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Nearly 20% of the labor force in the U.S. have filed for unemployment benefits in the past six weeks, according to the U.S. Labor Department. If you are in that number, health insurance may be a significant concern. Can you keep your benefits if you are furloughed or laid off from your job?
A furlough is like a temporary layoff. You are no longer working for your employer, but the intent is for you to come back to your same position in the future. Furloughs are mandatory and strictly enforced, which means you cannot do any work for your employer while furloughed.
Furloughs offer benefits to both employers and employees over layoffs. For the employer, a furlough is a way to save on costs during a time of economic hardship. The current COVID-19 crisis has produced financial challenges for many companies, which is why the number of furloughed employees has increased tenfold in recent weeks. Employees can be brought back when the financial climate changes, without the need for a re-hiring process.
Employees that are furloughed have some reassurance that they will likely return to their companies at a set point in the future. In most cases, employees are given their same position and salary that they had before the furlough. Some employer benefits may still be offered during a furlough, such as health insurance eligibility.
A layoff is different from a furlough. When a company lays off employees, they are dismissed from their jobs. While there is a possibility of being re-hired in the future, a layoff is considered permanent. Layoffs usually occur because the company can no longer afford to pay employees or for other financial reasons. Mass layoffs occur when a company dismisses many employees at one time.
In most cases, employees do not receive a salary while they are furloughed. However, they often keep their employment benefits like health insurance during the time they are not working. If you do maintain your health insurance, you must continue to cover your share of the contribution. Some employers allow employees to defer their contribution until they are working again.
You may be able to apply for unemployment benefits while you are furloughed. Some employers also allow furloughed employees to take temporary jobs during that time. Check with the policies of your company to see if a second, short-term job is an option for you.
If you are laid off, your employer benefits like health insurance are also terminated. However, a federal program known as COBRA (Consolidated Omnibus Budget Reconciliation Act) allows you to keep your group plan for up to 3 years after your employment ends.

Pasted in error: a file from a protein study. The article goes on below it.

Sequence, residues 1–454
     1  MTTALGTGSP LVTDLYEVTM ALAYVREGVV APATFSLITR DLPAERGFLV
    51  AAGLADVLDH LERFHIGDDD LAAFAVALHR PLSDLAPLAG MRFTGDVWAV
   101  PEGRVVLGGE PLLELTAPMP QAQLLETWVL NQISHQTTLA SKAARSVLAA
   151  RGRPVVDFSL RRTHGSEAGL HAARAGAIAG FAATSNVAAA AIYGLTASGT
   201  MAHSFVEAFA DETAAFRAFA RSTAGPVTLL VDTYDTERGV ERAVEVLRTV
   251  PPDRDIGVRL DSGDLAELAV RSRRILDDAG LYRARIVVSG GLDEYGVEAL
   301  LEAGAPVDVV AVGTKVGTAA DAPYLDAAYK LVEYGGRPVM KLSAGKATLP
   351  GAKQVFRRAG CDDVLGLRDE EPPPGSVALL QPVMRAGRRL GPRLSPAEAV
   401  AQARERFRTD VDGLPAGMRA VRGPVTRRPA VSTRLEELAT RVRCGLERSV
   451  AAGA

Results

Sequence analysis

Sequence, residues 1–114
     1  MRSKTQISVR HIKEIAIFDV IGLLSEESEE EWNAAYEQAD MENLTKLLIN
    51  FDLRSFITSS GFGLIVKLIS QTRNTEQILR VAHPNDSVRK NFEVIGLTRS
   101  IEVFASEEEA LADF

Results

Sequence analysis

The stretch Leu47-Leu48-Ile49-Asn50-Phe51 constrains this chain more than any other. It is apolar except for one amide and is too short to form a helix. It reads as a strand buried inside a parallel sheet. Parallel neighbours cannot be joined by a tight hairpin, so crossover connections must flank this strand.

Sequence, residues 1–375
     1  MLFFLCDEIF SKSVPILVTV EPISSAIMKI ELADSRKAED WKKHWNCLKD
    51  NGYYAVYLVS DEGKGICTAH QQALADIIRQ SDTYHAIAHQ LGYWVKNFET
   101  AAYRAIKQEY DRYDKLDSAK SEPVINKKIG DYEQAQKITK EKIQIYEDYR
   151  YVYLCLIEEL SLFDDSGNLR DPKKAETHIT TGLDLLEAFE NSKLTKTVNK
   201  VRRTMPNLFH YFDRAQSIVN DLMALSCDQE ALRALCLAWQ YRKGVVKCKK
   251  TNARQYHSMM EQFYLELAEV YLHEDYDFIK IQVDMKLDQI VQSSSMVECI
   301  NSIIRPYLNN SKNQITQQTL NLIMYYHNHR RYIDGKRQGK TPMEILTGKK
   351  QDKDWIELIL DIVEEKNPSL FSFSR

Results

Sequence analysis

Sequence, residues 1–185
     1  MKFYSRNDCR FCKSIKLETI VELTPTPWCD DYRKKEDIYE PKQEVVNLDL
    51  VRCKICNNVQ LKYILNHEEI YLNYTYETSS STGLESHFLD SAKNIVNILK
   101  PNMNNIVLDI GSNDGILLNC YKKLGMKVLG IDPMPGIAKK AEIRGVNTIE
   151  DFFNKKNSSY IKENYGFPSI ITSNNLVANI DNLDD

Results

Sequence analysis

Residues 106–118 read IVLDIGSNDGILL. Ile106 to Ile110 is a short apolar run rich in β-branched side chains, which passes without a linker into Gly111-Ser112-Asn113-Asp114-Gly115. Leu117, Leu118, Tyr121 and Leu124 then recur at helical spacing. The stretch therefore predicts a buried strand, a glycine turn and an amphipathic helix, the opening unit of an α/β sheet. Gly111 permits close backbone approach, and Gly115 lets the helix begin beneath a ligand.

In most cases, you will need to pay the full cost of the plan once you are no longer employed. Some employers have been willing to subsidize COBRA coverage for a time. You can ask for that option at the time of your layoff, understanding that it is usually the exception rather than the rule.
You may be eligible for COBRA if you had an employer-sponsored group plan and experienced a qualifying event, such as:
If you are eligible for COBRA, your employer must notify you of your eligibility when your employment changes. You then have 60 days to decide whether you want to take advantage of COBRA or look elsewhere for your health coverage. If you sign up for COBRA, you will need to make your first premium payment within 45 days.
If you choose COBRA, your coverage may continue for anywhere from 18 months to 3 years, depending on your specific circumstances.
COBRA offers the advantage of a seamless transition from your job without the need to change health insurance plans right away. You keep your same coverage, which means you can continue to see your health providers and use the same pharmacy. Family members are also eligible for COBRA coverage.
The biggest drawback to a COBRA plan is the cost. In addition to paying your own contribution, you will need to cover the costs your company paid while you were employed. You will also be subject to any changes your company makes to the health plan.
An alternative to COBRA would be to purchase an individual health insurance plan, which can be very affordable depending on your situation. Under the Affordable Care Act, also known as Obamacare, your drop in income could qualify you for a tax credit that will substantially bring down premiums. The ACA also prohibits insurers from denying coverage or charging higher premiums if you have a pre-existing condition.
During challenging times, it is important to understand your rights and options when it comes to your employment and your benefits. By getting the facts, you can make the best possible choices for yourself and your family.
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For information and guidelines specific to the coronavirus outbreak, visit cdc.gov
This article is for general information and should not be relied on as legal advice. Check with a legal professional for legal advice.